The average central air conditioning system consists of two halves -- the indoor unit containing the evaporator coil and blower fan and the outdoor unit containing the compressor and condenser coil. Both are designed to work in unison to keep your home cool and comfortable.
When one half of your A/C system breaks down, it's tempting to replace only that half with a newer and more energy-efficient component. However, doing just that could be the start of an expensive and ultimately fruitless journey. There are plenty of good reasons why your central air conditioning equipment must be perfectly matched for the best performance and efficiency.
Imagine buying a new indoor unit for your aging central A/C system, only to run into one of these issues:
- The new unit doesn't use the same type of refrigerant as its older counterpart.
- The new unit's cooling capacity doesn't match that of the old unit.
- The old unit lacks certain features that the new unit offers.
Refrigerant incompatibility is one of the major pitfalls of mismatching a central A/C system. While older A/C units rely on R-22 refrigerant, newer units use a wide variety of environmentally friendly refrigerants such as R-410a and R-422d. Many of these refrigerants require higher operating pressures or use lubricating oils that are incompatible with older A/C units. This makes it nearly impossible to match both old and new units together without the risk of ruining both units.
By matching an older half of a central A/C system with a newer half, you might not be able to take advantage of the latest features offered by today's A/C systems. Features like multi-stage compressors, thermal expansion valves and high-efficiency coils may not work well with older equipment, resulting in noticeable losses in energy efficiency and cooling performance.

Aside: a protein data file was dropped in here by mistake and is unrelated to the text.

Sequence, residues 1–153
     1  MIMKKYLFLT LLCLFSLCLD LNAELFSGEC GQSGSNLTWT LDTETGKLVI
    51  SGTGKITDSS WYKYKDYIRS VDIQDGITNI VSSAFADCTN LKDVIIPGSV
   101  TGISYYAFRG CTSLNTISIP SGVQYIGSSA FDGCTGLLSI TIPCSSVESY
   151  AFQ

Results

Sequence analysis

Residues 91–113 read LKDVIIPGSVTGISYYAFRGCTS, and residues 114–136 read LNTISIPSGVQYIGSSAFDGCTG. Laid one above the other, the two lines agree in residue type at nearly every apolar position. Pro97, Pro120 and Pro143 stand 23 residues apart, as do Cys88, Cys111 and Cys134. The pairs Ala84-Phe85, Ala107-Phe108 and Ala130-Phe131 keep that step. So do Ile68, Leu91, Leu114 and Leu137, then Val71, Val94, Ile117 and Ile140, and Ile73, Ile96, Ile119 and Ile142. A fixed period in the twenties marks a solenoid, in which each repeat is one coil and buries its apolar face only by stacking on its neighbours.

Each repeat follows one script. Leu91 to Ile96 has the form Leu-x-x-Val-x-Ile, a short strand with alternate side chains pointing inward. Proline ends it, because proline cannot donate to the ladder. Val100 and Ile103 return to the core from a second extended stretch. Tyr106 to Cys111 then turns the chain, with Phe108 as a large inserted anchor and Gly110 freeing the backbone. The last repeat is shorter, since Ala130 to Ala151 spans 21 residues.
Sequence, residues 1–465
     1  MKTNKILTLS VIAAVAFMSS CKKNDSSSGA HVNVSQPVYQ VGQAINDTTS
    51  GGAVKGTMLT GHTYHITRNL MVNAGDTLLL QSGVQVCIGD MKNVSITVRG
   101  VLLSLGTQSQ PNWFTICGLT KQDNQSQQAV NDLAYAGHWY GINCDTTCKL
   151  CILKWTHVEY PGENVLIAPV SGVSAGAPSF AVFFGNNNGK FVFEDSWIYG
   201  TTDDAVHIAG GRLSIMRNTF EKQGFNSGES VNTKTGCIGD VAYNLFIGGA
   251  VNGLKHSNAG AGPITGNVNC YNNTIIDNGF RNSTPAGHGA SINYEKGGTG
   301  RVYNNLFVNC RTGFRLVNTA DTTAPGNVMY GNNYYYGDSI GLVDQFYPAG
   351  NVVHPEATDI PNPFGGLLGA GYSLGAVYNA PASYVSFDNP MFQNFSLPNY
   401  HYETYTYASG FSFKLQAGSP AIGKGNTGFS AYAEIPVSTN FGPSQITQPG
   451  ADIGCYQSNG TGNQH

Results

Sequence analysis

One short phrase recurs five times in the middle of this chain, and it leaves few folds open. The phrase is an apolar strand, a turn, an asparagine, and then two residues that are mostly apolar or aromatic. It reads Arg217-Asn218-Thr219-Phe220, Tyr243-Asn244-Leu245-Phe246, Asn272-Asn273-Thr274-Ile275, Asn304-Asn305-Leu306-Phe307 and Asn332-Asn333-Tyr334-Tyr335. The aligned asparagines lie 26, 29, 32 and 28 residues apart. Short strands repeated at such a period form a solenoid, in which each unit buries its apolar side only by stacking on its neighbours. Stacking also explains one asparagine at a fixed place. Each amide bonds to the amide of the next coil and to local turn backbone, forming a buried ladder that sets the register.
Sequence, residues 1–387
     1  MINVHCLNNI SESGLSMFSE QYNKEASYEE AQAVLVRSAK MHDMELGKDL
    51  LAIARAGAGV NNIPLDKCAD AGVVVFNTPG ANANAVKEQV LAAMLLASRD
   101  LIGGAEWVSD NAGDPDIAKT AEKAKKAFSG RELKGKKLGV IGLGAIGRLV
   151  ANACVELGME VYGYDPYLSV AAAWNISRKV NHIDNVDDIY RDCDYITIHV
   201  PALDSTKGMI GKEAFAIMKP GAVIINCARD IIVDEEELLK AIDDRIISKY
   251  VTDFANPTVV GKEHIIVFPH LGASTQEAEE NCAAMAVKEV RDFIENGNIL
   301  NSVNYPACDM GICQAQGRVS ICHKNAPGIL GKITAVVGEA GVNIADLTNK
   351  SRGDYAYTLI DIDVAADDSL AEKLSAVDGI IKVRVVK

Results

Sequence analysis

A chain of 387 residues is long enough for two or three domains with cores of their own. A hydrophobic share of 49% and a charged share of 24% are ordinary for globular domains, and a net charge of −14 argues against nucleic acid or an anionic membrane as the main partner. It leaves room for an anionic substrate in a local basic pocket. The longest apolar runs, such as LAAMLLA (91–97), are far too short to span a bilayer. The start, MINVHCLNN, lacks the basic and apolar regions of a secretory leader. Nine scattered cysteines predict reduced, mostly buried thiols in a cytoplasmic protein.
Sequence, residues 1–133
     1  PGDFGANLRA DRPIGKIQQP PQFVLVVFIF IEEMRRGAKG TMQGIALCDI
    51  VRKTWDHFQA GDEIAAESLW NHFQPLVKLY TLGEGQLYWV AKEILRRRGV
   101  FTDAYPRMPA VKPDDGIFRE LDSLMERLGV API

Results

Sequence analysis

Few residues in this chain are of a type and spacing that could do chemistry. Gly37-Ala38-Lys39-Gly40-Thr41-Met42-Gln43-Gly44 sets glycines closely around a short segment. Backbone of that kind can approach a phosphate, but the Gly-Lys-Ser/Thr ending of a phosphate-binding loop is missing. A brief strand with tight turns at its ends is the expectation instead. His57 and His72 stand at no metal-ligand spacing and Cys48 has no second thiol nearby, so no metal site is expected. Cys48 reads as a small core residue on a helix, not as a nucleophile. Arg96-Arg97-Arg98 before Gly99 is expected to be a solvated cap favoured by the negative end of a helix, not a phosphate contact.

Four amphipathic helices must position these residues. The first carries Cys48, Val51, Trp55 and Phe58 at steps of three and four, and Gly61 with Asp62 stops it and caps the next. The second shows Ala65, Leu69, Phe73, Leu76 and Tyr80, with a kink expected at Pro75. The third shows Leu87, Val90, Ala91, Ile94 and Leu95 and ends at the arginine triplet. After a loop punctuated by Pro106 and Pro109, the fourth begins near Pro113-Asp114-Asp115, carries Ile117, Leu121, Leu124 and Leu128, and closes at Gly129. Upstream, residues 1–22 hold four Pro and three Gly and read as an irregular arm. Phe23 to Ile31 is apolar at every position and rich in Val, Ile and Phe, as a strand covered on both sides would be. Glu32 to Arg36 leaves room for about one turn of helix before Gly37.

Unequal Systems Offer Unequal Performance
Another pitfall involves using a unit that has different cooling capacity and performance specifications than your old unit. Pairing a high-efficiency outdoor unit with an older, lower efficiency indoor unit could leave the latter struggling to perform at the same level as the former. This can also lead to a number of problems later on, including chronic coil icing and eventual compressor failure.
According to Joanna R. Turpin's interview with HVAC expert Pedro Portillo, some contractors may deliberately install an outdoor condenser unit that has slightly less capacity than the indoor evaporator unit in an attempt to reduce humidity and improve efficiency. However, the small gains in humidity control and energy efficiency are usually outweighed by the loss in overall comfort and added wear and tear on the A/C system.
Mismatches Can Prove Expensive
It's not unusual for homeowners to install mismatched A/C systems under the mistaken belief that it's a cheaper option to a complete central A/C replacement. However, a mismatched system can prove to be a drain on your finances. According to HomeAdvisor, the average homeowner spends between $165 and $494 on A/C repairs. The increased stress and resulting wear and tear on your mismatched A/C system could result in more frequent HVAC service calls. In the end, you could end up spending far more than the average amount on keeping your mismatched A/C system alive.
Mismatched A/C systems can also prove costly in other ways. Not only can a mismatched A/C system consume more energy (and consequently increase your home's utility bills), but using mismatched equipment can put it at risk of having its warranty voided, which could result in steep out-of-pocket expenses if you have to replace your A/C equipment.
For these reasons, it's important to make sure the different parts of your A/C/ system match each other. To make sure you're making the right decisions when replacing your broken A/C system, work with an experienced HVAC company like Controlled Comfort.